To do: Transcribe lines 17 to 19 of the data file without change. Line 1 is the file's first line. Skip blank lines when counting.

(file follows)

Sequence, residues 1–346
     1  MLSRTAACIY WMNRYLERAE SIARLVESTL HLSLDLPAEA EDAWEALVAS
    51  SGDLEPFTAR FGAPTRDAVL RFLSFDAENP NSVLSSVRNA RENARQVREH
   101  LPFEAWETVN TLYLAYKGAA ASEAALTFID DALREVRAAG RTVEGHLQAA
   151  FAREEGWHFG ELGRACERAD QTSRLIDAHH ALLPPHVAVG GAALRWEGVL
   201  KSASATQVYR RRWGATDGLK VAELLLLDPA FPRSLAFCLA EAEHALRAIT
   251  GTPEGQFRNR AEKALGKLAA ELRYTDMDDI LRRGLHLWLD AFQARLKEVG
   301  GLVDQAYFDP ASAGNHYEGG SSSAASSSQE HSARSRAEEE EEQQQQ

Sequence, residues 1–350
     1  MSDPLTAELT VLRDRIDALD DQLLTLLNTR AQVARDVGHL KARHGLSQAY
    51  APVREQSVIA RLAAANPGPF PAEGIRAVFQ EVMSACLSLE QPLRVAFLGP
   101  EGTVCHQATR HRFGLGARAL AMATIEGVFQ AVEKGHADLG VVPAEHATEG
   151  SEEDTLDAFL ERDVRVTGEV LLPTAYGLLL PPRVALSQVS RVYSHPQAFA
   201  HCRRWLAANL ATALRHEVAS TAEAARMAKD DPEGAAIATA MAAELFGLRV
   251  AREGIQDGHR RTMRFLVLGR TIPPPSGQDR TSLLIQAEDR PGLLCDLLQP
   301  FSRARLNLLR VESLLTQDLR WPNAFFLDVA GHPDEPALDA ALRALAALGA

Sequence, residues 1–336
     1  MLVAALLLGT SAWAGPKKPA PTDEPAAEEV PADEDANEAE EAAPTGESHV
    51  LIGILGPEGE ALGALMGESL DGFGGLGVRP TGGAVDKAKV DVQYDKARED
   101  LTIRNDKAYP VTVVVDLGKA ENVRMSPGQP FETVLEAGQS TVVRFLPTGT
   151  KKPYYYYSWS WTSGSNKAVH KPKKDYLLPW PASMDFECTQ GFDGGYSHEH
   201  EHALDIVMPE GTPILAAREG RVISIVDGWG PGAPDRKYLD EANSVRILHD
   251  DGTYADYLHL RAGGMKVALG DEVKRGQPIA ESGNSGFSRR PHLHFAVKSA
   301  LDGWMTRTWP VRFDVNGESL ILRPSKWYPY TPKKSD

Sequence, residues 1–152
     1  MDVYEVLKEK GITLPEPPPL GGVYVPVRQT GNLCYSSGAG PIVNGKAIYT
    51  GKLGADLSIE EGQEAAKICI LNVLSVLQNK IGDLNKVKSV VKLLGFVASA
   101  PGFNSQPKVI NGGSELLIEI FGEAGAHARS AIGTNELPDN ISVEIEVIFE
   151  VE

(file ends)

Sequence, residues 1–336
     1  MLVAALLLGT SAWAGPKKPA PTDEPAAEEV PADEDANEAE EAAPTGESHV
    51  LIGILGPEGE ALGALMGESL DGFGGLGVRP TGGAVDKAKV DVQYDKARED